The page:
1 of Subpart P of Part 404 of the relevant regulations;
if not, whether despite the claimant’s severe impairments,
the claimant retains the residual functional capacity to
perform his past work; and
if not, whether the claimant retains the residual functional
capacity to perform any other work that exists in significant
numbers in the national economy.
20 C.F.R. §§ 404.1520(a)(4)(i)-(v) & 416.920(a)(4)(i)-(v); Berry v. Schweiker, 675 F.2d at 467.
“The claimant bears the burden of proving his or her case at steps one through four[;] . . . [a]t
step five the burden shifts to the Commissioner to ‘show there is other gainful work in the
national economy [which] the claimant could perform.’” Butts v. Barnhart, 388 F.3d at 383
(quoting Balsamo v. Chater, 142 F.3d 75, 80 (2d Cir. 1998)).
The ALJ’s Decision
In his decision, the ALJ applied the required sequential analysis for evaluating
disability claims. (Tr. 25-36). Under step one, the ALJ found that Grabowski had not engaged
in substantial gainful activity since April 1, 2013, the alleged onset date. (Tr. 27). At step two,
the ALJ concluded that Grabowski had the severe impairments of anxiety and depression.
(Tr. 27-28). The ALJ further concluded that Grabowski’s complaints of fatigue, vertigo, and
diffuse musculoskeletal problems were “not medically determinable” impairments “on this
record.” (Tr. 28). At step three, the ALJ determined that Grabowski did not have an impairment
(or combination of impairments) that met or medically equaled one of the listed impairments.
(Tr. 28-29). With respect to Grabowski’s mental impairments, the ALJ found that Grabowski
suffered from mild difficulties in performing daily activities, and moderate difficulties in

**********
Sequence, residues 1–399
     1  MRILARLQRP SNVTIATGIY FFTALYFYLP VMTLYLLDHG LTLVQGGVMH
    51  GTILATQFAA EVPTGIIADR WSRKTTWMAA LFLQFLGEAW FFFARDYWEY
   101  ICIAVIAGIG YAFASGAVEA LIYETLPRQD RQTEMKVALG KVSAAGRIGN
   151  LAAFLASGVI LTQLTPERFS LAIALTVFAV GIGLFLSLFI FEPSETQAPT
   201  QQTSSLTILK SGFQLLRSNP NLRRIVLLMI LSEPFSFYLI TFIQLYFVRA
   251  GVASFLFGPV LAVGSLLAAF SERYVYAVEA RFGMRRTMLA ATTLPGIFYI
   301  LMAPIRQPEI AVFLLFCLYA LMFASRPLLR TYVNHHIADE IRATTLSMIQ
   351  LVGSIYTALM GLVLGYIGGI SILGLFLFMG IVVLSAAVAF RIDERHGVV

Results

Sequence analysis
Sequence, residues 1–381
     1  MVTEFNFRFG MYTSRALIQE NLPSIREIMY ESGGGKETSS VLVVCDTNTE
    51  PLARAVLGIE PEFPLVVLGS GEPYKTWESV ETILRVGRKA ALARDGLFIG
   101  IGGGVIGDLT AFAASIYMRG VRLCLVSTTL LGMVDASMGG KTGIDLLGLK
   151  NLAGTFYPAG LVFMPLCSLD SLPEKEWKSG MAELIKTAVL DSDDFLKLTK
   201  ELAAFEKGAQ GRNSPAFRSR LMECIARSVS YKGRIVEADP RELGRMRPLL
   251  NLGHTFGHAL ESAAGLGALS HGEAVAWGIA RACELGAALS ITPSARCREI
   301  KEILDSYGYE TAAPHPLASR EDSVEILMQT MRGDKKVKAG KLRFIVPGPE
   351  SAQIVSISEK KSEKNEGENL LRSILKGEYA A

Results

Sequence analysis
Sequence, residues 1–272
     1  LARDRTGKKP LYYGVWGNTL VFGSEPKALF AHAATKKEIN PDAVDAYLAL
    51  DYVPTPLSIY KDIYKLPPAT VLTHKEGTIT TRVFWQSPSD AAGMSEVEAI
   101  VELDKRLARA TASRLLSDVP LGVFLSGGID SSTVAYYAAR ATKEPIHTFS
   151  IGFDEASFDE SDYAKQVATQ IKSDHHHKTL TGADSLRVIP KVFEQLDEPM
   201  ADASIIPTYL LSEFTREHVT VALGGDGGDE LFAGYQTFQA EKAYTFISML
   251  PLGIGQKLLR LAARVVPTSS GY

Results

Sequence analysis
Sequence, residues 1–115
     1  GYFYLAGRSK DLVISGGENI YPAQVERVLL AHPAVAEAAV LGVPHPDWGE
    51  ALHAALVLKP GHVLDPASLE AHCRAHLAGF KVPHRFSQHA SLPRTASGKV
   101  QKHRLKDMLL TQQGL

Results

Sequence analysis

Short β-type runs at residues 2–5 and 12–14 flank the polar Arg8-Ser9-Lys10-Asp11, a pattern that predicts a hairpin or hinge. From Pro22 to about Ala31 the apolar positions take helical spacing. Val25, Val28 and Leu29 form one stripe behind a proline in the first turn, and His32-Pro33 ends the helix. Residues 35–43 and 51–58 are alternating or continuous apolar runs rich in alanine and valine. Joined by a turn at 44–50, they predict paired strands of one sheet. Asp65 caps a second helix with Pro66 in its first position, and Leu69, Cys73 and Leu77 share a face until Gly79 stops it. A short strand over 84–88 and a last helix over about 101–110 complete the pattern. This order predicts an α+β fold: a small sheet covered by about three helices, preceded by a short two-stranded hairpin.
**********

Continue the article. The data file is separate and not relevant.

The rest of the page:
maintaining social functioning, and concentration, persistence, and pace. (Tr. 28-29). The ALJ
concluded that Grabowski retained the ability to perform simple, routine and repetitive jobs at all
exertional levels, provided she was limited to low stress work (“no high production quotas or
fast-paced assembly lines”), no more than superficial contact with the public, and little change in
work structure or routine. (Tr. 30). The ALJ found that Grabowski could follow and understand
simple directions and instructions and perform simple tasks independently. (Id.). At step four,
the ALJ determined that Grabowski was able to perform her former work as an assembler of
small products, light exertional level, svp 2. (Tr. 35). Accordingly, the ALJ found that
Grabowski was not disabled. (Id.).
Grabowski contends that the ALJ’s determination that she was not disabled is not
supported by substantial evidence and is the product of legal error. (Docket # 14). Grabowski
contends that remand is appropriate pursuant to sentence four of 42 U.S.C. § 405(g) because the
ALJ failed to meet his duty to develop the record by attempting to obtain Grabowski’s mental
health treatment records from Fitzgerald and Gawinski, the absence of which created a gap in the
record. (Id. at 21-23). Grabowski argues that the ALJ’s failure in this respect was especially
detrimental because he discounted Gawinski and Fitzgerald’s opinions on the grounds that they
were not supported by treatment notes. (Id. at 22). Grabowski further contends that remand is
also appropriate pursuant to sentence six of 42 U.S.C. § 405(g). (Id. at 18-20).
Grabowski also argues that the ALJ erred in concluding that her complaints of
chronic fatigue did not constitute a medically determinable impairment. (Id. at 28-31). In
addition to the step two challenge, Grabowski contends that the ALJ erred at step four in
determining that she could return to her prior work as an assembler of small parts because he did
not consider how stress would affect her ability to meet the demands of that position. (Id. at
23-27). Finally, Grabowski argues that the ALJ’s decision is not supported by substantial
evidence because new and material evidence submitted to the Appeals Council, namely,
audiological testing results, undercuts the determination that she could perform that past work.
(Id. at 27-28).
Grabowski maintains that remand is required because the ALJ failed to properly
develop the administrative record by obtaining treatment records kept by Fitzgerald and
Gawinski. (Id. at 21-23). Grabowski argues this omission created an obvious gap in the
administrative record, which “had a profound impact on the outcome of this case,” because the
absence of those treatment records led the ALJ to improperly discount the providers’ opinions